By Anita Wadhwani | The Tennessean
Democratic state Rep. Sherry Jones has been waiting more than two months for the Department of Children's Services to tell her how many children in state custody have died this year and how many deaths occurred among children for whom the agency had ever opened a case file.
The Tennessean requested the same information Monday, but DCS was unable to provide any immediate answers.
The information, Jones said, is critical to learning how well the agency is doing its job of protecting children. She called the lack of timely information "dangerous" and "ridiculous."
DCS has come under increasing scrutiny in recent months for its inability to perform basic agency functions, such as making payments to foster parents and state agencies, keeping accurate records and properly documenting social workers' response times to incidents of child abuse.
A new $37 million computer system intended to track each child who has contact with DCS has been cited as a failure in keeping tabs on information the agency is legally required to keep.
"I know these deaths are occurring all across the state because they're reported in the media," Jones said. "But the state should be able to tell us how many children have died who were in their care or who they had a report on.
"The information that I asked for should be available every single day through the department. It's ridiculous, totally ridiculous, that it takes so long to get information from them."
DCS spokeswoman Molly Sudderth said Monday that the agency continued to work on gathering the information, but she did not specify when it would be available. "We will work to get this to you as soon as possible," she said.
A March report issued by the Tennessee comptroller's office criticized department officials, including its chief, Commissioner Kathryn "Kate" O'Day, for going forward with the system in the first place despite being aware it had "significant problems."
Report: Problems were disregarded
TFACTS, which stands for Tennessee Family and Child Tracking System, is supposed to track every child who is in custody or is the subject of a report or investigation. It is where incident reports alleging abuse or neglect, child deaths, truancy, child health issues and other information are logged. But it has been plagued with problems since it was put into place two years ago.
Agency officials failed to respond, the report said.
Department leaders "disregarded obvious and known problems with the system, as well as the recommendation of an independent reviewer, when they made the decision to implement the system statewide," according to the comptroller's report.
"Secondly," the report said, the agency "compounded the mistakes and errors in judgment related to the decision to implement TFACTS statewide by failing to adequately track the record of problems with the system and proactively address the known issues."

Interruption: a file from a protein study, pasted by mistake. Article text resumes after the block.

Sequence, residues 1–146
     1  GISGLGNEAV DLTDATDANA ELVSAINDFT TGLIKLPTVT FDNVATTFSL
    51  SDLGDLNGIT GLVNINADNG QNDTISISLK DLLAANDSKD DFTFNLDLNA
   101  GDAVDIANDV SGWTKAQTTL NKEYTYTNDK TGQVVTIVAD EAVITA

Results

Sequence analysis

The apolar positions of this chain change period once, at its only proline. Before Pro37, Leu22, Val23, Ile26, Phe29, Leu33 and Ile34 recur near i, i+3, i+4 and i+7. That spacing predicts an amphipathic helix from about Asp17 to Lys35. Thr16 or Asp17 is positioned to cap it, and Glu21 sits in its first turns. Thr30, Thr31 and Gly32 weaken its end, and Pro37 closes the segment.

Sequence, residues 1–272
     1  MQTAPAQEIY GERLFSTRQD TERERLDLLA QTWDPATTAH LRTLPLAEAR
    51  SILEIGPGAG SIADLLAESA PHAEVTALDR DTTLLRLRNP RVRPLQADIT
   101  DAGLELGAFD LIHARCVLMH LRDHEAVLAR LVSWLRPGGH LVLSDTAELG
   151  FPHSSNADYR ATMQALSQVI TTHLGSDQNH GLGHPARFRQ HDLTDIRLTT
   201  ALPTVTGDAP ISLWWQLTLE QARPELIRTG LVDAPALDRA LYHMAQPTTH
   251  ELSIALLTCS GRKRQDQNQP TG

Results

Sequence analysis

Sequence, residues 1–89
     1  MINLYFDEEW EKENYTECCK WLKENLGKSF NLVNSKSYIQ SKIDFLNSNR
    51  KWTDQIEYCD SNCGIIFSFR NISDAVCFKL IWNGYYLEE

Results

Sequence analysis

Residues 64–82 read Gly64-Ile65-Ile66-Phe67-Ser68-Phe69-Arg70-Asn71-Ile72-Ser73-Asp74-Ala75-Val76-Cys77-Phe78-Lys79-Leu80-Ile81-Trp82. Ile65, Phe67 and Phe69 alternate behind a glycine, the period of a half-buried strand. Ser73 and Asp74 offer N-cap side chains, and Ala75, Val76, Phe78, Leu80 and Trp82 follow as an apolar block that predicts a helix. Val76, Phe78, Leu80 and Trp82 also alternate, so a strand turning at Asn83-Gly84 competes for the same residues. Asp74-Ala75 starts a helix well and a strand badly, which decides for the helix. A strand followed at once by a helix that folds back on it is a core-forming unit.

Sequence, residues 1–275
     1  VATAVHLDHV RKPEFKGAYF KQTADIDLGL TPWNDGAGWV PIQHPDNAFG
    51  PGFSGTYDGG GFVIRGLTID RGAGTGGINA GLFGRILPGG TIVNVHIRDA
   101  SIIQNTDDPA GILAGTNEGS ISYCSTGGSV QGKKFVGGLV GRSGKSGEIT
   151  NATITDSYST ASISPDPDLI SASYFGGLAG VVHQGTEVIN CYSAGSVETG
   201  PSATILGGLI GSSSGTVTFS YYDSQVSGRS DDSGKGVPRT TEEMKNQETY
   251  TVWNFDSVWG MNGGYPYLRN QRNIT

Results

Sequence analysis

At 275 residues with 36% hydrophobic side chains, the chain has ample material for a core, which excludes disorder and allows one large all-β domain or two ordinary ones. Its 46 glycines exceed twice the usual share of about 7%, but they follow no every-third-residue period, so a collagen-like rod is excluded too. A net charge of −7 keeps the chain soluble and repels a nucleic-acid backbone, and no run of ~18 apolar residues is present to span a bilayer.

Sudderth said the department adopted the recommendations of the comptroller's March report and is "working to implement them. We are on track to implement the majority of the recommendations by the end of this calendar year. This includes creating a new data warehouse with new reports functionality."
In June, a separate report issued by an independent monitoring group found that the state's conversion from an older computer system to the new TFACTS "prevented the collection of reliable DCS data in over 20 areas of court-ordered reform, including response times to reports of child abuse, compliance with caseload standards for case workers assigned to protect children in foster care, and compliance with required visits between case workers and children in foster care."
The failures will mean that DCS will remain under court-ordered oversight, which has been in place since a federal judge found in 2000 that Tennessee was failing to properly care for children in foster care.
Attorney Ira Lustbader of New York-based Children's Rights, which brought the suit against the state, said that until the new system was put into place, his group thought the state had shown great improvement. Now a two-year exit plan designed to release the state from court oversight is postponed indefinitely, he said.
Jones said her chief concern is finding out whether DCS is failing children.
She first requested the information July 3. DCS Chief of Staff Frank Mix responded July 30 in a letter saying "we expect to have you the information by mid-August." Jones requested the information again Aug. 27 and then again last week.
Sudderth said her agency had been busy at the time of Jones' initial request, which came "three days following the close of the requested reporting period and the end of the state's fiscal year," she said. "The fiscal year end is a time when we are providing multiple complex reports to a variety of stakeholders."
Jones said that in the meantime, reports of children dying continue to cross her desk.
Friday she sent another request to DCS for all computer and written reports on Savannah and Daniel Marise, Smyrna toddlers who died in August in their mother's car. DCS was contacted by Smyrna police about the children before they died, Jones said.
Contact Anita Wadhwani at 615-259-8092 or firstname.lastname@example.org.